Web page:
My rating: 7.5/10
This novel bookends Mother Mason; both are episodic individual and family portraits; I read them back to back and there were decided similarities of style and content, though each book has enough variation to keep things fresh.
I rated Mother Mason higher; though The Cutters is a charming read as well. However, in this novel, the morals in the little stories within are laid on with a much broader brush.
Motherhood, Home, Family – yes – we understand their importance, dear author, to the fabric of a happy nation, but the insistence that these are the only things which bring fulfillment to a womanly heart jars a bit with our modern-day emancipated female reality!
A tiny bit preachy, and very much a period piece; most obvious perhaps in the chapter on alternative ways of child discipline which ends with the family’s mother soundly thrashing her two naughty sons, with the author’s blatant assumption that this will meet with her readers’ full approval!
This novel depicts a short period in the life of the Cutter family of the fictional small town of Meadows in an unspecified mid-western U.S. state. Father Ed, a successful lawyer; Nell, a busy hausfrau; 12-year-old Josephine; Craig and Nicolas, 7 and 9; baby Leonard; and mild matriarch Grandma Cutter make up the seven points of the Cutter family star.
The time is the early years of the 1920s; the shadows of the coming Depression are faint but ominously lurking. The Cutters struggle financially, and much of Nell’s part of the narrative is driven by her wistful yearnings for things which she can’t quite afford. Her husband teases her with a running joke about champagne tastes on a beer budget; Nell inwardly bristles while admitting to herself that this is indeed one of her personal Waterloos.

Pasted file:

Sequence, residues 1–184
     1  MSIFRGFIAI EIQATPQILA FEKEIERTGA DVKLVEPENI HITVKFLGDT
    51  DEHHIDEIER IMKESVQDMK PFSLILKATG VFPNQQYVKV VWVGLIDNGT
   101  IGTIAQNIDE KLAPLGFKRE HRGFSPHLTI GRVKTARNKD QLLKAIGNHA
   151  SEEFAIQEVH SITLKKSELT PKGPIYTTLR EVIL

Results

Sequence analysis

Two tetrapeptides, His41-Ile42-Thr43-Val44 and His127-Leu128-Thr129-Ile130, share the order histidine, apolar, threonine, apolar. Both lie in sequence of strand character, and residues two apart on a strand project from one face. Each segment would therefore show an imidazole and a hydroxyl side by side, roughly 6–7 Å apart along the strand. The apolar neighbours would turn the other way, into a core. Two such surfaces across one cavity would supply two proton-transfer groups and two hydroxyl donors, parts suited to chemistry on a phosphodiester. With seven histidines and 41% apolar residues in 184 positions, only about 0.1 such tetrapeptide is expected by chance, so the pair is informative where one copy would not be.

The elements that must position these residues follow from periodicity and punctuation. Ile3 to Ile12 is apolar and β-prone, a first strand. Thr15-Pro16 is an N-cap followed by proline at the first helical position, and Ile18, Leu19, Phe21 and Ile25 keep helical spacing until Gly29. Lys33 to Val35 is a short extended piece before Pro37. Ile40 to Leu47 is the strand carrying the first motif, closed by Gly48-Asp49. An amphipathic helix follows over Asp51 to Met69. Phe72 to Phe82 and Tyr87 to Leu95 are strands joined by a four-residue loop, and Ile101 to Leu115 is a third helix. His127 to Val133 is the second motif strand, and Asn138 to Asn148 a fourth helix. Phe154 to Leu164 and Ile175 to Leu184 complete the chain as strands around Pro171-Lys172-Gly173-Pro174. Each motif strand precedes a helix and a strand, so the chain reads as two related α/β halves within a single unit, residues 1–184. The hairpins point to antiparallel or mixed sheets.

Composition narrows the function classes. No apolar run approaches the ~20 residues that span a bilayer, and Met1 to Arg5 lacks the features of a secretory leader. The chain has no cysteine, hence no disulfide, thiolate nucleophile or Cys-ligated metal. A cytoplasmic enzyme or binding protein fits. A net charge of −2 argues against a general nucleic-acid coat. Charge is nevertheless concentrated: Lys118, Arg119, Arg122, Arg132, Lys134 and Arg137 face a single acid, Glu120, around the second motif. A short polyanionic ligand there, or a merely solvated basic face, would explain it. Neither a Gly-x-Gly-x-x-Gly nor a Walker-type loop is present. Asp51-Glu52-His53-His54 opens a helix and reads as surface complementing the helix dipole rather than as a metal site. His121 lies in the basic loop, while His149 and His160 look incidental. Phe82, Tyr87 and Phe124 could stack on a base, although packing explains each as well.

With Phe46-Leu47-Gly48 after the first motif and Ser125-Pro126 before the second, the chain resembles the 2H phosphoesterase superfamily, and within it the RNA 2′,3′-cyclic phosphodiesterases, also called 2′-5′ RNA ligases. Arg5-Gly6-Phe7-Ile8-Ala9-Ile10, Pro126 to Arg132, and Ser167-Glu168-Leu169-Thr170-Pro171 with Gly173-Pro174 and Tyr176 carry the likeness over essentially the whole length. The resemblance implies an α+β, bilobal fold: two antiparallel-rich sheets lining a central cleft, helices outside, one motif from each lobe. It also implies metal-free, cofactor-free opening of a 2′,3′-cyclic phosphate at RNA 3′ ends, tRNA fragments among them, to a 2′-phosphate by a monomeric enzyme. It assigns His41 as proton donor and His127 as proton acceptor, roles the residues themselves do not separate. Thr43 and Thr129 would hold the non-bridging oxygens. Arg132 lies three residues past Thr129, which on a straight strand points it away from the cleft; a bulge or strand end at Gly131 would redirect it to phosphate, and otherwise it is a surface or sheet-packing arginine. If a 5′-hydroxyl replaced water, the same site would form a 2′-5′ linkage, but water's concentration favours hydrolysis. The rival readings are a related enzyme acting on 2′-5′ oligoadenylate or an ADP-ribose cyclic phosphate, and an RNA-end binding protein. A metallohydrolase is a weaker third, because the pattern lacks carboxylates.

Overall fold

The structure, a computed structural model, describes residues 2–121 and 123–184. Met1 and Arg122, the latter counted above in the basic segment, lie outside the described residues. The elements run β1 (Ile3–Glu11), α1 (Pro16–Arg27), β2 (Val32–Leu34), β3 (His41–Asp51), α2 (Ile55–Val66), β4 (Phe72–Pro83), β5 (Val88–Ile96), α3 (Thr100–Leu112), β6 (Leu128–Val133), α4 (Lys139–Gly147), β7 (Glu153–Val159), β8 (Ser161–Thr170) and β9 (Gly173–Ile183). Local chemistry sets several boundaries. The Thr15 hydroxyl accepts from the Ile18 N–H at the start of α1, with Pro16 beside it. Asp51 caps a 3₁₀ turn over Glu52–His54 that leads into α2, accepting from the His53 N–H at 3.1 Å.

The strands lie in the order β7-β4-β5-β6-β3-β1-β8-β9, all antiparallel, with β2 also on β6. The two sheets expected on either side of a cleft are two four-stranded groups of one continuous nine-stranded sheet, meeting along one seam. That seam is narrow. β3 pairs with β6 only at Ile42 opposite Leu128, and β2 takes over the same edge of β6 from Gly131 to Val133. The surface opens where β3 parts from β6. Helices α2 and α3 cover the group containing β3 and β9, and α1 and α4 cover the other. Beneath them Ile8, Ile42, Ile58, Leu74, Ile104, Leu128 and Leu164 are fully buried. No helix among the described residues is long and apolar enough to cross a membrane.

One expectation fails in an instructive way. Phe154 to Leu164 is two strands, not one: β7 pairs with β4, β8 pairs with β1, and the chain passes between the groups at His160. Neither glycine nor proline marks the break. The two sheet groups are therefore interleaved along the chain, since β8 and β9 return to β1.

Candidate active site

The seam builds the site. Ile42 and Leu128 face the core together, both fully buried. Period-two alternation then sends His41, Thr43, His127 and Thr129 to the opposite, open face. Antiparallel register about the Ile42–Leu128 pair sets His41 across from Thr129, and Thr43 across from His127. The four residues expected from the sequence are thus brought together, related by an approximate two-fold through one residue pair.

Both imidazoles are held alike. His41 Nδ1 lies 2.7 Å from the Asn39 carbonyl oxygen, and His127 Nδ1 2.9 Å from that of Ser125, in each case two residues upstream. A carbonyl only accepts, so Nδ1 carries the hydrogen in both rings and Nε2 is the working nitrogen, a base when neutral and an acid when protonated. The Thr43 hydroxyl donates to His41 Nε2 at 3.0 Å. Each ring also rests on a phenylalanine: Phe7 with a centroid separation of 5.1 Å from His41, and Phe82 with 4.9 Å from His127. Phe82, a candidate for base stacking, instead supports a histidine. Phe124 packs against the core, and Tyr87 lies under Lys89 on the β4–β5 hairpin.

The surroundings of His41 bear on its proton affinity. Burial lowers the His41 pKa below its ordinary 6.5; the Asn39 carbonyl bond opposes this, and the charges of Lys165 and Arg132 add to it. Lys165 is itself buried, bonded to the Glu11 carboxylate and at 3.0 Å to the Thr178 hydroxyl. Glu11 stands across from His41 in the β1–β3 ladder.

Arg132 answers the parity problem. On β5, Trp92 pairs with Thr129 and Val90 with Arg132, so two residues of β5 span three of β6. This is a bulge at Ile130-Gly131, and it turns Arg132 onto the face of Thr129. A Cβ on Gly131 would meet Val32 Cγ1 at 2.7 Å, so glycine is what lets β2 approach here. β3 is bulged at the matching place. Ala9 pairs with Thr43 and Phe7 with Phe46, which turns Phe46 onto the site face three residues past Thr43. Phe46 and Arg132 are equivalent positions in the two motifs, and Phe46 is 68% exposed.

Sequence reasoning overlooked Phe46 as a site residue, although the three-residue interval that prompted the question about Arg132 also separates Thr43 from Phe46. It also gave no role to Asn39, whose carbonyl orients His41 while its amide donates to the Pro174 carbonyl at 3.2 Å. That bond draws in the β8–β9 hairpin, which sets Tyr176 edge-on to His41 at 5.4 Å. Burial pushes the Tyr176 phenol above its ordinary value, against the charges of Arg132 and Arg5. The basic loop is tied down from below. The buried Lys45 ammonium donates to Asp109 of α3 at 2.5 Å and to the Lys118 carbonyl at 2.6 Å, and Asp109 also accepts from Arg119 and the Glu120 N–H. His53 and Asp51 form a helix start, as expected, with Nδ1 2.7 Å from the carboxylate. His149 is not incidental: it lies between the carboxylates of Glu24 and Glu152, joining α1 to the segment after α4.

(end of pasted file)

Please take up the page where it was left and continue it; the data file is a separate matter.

The incidents which make up the book are mild and domestically based for the most part. A wealthy client and his wife come to stay for a few days, throwing the Cutter household into turmoil top to bottom; The Woman’s Club invites a speaker on “Perfect Parenthood, or Trained Motherhood”, whose ideas Nell tries to emulate with less than stellar success; a decision to take a family “dream vacation” reveals some surprising preferences; Josephine’s schoolgirl crush disrupts her young world; Nell’s ambitions for a newer, better, bigger house look like they will finally be realized; Grandma Cutter looks forward to a reunion with all of her far-flung sons; Nell enters a contest to try to win some “easy money”.
Likeable characters; relatable situations, a lot of humour and some very wise words coming from unexpected quarters – Aldrich is truly in fine form here. She bobbles a bit with the last chapter, which jumps ahead several years to the time of Josephine’s wedding, and hurriedly fills us in on how everyone else is turning out. Aldrich didn’t need to do that; she could have left us in the here and now, and it would have been just fine, but I suspect she couldn’t quite resist tidying things up.
Though not quite up to its predecessor, Mother Mason, The Cutters is an ideal nostalgic comfort read. I liked it a lot.